Anna Calvi HunterIf we can loosen the bonds of gender-related expectation, Anna Calvi believes, we’ll find a legitimate freedom of mind and body; the English artist spoke to Zoë Radas about her breathtaking new album, Hunter.

Mercury Prize-winning, English singer-songwriter and guitarist Anna Calvi has a singing voice renown for its enormous range and powerful, operatic brio. Her speaking voice, however, is taciturn – but it boasts huge scope and conviction in the things the musician has to say.

“I think that gender is definitely a spectrum,” she tells STACK. “I also think that there are some people who are very happy to exist on the extremes of the spectrum – and that’s fine. But there are people who, if we were born into a different world, maybe wouldn’t define themselves in this binary model; I guess what I found interesting [in writing Hunter] was really trying to get to the bottom of: What does it even mean to be a woman or a man?”

The themes on Hunter probe the layers within that question and unfold all kinds of tiers of being, connected by Calvi’s incredible lust for life. (Look no further than the album’s lead single, Don’t Beat The Girl Out Of My Boy, which aims to dismantle expectations around masculinity.) “It’s really difficult when we have a culture that just keeps on reinforcing these stereotypes that actually don’t have any relation to any real people,” Calvi says. “I think it’s quite confusing.”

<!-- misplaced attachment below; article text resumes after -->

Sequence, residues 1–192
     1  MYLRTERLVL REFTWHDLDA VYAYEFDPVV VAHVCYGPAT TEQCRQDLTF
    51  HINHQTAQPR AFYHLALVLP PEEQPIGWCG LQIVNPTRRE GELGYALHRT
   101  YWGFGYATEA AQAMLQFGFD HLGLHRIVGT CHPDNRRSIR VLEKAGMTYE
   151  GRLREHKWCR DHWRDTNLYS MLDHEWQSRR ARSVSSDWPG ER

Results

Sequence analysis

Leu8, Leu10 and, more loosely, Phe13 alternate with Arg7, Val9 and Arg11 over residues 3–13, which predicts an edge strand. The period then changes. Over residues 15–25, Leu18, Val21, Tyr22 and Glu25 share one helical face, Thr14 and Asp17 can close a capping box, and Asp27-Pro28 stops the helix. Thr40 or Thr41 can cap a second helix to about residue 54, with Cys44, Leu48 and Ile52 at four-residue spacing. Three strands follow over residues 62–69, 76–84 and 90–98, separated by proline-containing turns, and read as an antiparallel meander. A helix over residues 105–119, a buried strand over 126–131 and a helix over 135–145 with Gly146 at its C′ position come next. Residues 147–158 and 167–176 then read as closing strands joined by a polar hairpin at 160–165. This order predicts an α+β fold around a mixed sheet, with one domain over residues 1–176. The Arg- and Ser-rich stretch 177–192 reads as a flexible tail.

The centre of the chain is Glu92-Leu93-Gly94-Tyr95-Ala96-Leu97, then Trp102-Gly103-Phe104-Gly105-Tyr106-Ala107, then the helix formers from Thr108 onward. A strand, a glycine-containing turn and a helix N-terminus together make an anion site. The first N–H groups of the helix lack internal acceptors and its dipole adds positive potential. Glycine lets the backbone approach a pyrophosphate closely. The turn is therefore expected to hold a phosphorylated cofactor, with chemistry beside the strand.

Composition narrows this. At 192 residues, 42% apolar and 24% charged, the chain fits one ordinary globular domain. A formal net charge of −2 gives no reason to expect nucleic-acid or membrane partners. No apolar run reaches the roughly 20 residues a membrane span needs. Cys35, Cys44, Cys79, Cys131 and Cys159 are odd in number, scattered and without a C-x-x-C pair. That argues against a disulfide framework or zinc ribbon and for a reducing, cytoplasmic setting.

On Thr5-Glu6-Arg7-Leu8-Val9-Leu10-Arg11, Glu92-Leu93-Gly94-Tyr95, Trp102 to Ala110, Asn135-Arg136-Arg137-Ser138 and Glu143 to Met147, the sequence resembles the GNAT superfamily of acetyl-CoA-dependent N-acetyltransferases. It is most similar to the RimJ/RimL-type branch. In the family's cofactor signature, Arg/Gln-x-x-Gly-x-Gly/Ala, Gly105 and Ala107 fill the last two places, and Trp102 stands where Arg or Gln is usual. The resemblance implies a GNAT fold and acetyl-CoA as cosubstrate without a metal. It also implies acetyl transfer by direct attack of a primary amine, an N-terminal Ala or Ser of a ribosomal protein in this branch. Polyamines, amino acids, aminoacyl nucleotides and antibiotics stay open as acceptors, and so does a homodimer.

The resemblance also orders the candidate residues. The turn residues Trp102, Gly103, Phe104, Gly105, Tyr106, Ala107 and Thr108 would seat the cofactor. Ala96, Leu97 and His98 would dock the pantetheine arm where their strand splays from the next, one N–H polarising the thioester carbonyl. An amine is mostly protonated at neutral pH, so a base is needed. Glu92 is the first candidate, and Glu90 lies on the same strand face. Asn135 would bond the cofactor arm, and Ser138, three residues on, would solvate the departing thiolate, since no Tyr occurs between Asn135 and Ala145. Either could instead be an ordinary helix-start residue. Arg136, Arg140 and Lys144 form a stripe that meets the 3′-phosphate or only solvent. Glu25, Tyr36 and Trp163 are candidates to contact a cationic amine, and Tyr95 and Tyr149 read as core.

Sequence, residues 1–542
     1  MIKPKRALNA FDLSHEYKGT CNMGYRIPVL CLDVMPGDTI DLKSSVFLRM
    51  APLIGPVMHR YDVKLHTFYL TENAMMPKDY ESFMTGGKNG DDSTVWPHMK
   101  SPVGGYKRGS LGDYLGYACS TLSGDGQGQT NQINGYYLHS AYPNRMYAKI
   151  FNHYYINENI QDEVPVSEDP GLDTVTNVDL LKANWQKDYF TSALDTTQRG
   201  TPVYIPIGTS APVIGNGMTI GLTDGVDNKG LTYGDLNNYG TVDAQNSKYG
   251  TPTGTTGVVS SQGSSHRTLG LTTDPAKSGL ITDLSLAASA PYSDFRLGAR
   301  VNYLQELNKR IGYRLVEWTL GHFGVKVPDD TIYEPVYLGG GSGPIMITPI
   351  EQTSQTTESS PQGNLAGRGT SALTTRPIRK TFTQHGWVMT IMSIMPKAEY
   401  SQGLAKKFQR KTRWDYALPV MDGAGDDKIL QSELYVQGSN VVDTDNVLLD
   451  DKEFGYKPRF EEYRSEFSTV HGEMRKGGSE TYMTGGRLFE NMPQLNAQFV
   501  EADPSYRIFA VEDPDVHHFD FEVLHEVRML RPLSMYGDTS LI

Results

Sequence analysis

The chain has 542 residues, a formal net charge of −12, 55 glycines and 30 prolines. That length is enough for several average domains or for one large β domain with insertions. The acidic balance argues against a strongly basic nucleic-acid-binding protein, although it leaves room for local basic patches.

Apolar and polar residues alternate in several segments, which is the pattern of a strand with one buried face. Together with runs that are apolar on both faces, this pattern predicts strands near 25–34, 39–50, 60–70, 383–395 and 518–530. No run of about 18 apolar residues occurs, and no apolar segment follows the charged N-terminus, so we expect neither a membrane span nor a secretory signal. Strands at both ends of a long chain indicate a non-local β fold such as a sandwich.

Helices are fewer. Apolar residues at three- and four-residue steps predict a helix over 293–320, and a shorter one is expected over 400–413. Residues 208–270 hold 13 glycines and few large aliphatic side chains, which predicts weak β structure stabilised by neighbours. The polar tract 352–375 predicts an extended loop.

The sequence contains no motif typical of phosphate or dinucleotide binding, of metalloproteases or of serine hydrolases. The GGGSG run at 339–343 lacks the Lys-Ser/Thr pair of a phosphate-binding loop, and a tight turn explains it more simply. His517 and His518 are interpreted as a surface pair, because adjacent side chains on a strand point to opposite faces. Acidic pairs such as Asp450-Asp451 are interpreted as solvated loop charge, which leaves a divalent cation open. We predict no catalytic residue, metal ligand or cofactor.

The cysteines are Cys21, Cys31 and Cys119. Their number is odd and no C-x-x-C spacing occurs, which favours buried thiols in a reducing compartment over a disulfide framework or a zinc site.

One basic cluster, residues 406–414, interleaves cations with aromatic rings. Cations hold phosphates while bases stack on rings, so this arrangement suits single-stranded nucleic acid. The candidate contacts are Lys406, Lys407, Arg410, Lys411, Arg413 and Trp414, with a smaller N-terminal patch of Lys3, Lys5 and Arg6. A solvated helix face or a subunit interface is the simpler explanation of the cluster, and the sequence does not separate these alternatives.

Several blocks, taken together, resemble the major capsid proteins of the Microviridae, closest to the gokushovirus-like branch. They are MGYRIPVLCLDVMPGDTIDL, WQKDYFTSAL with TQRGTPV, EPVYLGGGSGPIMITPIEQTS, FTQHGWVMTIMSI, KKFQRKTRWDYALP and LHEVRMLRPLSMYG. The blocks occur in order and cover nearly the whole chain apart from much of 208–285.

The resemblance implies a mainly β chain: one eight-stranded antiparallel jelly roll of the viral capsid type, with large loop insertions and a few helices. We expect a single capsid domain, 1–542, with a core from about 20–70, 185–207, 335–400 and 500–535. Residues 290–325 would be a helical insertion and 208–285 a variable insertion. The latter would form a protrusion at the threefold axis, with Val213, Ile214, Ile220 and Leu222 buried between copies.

Musically, her ideas are masterfully mixed; stand-out Indies Or Paradise features a slowly worming bassline (think Bjork’s Army Of Me) with a glinting, metallic guitar solo, and then the sudden major triad of the chorus’ vocal, streaming like a sunbeam through the leaves. “I see my songs really visually – I kind of imagine almost a mini-film,” Calvi explains. “For me, this song was about moving through a rainforest – the verses are crawling through the mud of your life, covered in sweat, and the chorus is looking up to the sky and believing that being in love with someone can somehow save you – this kind of beautiful optimism that everyone has, that things are going to get better.”

The terribly romantic Swimming Pool had its own visual inspiration: English painter David Hockney’s most famous works. “I really love the way he depicted his desire for men – completely unshamefully,” says Calvi. “It’s just about his pleasure and his enjoyment, and I found that really beautiful.” Hockney’s studies in shadow and light then informed the way Calvi treated her guitar. “I love impressionistic music, so I wanted to make the guitar sound like [Hockney’s] depictions of water – reflection and light. I guess all the decisions I made on that song were to further that image: the swimming pool, and being in love, and how pure and beautiful that feels.”

The first pieces of footage which have emerged of Calvi’s current live show illustrate an artist in total accord with her material. “I think this record especially unleashed something in me on stage that I didn’t have before – it feels stronger than me,” she says. “It’s a force, and I just have to follow it. I think because my record’s very much about trying to find something free and visceral, and breaking through any kind of restraint – the idea of a woman being a hunter and not being hunted, as we often see women portrayed in culture. I really wanted to express that sort of freedom beyond any sense of gender, so on stage that’s essentially what I want to express with my body – to feel really, really free.”

Hunter is out August 31 via Domino.

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